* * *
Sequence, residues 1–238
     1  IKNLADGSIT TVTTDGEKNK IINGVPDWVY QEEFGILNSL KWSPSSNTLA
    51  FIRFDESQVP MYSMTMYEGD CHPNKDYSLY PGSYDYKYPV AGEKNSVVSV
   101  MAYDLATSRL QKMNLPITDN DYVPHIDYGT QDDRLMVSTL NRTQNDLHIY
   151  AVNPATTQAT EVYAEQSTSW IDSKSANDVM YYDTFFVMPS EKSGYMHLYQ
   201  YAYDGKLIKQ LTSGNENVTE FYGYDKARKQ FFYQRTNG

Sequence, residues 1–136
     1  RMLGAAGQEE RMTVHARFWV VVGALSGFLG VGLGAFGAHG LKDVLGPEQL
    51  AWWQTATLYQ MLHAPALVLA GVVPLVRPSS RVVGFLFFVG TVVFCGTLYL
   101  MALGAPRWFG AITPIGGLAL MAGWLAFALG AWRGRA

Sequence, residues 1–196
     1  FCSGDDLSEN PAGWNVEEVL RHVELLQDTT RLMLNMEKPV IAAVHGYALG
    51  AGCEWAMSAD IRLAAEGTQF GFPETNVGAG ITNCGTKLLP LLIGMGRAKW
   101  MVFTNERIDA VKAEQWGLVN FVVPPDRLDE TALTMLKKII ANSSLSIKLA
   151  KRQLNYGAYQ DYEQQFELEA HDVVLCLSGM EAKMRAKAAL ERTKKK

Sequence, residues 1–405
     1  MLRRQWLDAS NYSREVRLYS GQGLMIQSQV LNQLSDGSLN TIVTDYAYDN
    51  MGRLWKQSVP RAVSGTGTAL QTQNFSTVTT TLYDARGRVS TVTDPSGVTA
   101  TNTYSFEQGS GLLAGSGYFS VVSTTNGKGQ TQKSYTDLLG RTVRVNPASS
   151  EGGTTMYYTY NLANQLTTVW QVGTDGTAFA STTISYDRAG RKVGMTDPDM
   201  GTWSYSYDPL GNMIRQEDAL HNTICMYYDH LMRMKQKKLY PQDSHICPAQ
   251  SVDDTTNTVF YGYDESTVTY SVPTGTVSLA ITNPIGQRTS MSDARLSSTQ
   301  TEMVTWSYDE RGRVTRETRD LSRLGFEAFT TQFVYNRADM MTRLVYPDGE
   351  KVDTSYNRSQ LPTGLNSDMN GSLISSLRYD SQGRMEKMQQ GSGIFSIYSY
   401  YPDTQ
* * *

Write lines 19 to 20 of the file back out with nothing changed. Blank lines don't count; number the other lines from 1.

   101  TNTYSFEQGS GLLAGSGYFS VVSTTNGKGQ TQKSYTDLLG RTVRVNPASS
   151  EGGTTMYYTY NLANQLTTVW QVGTDGTAFA STTISYDRAG RKVGMTDPDM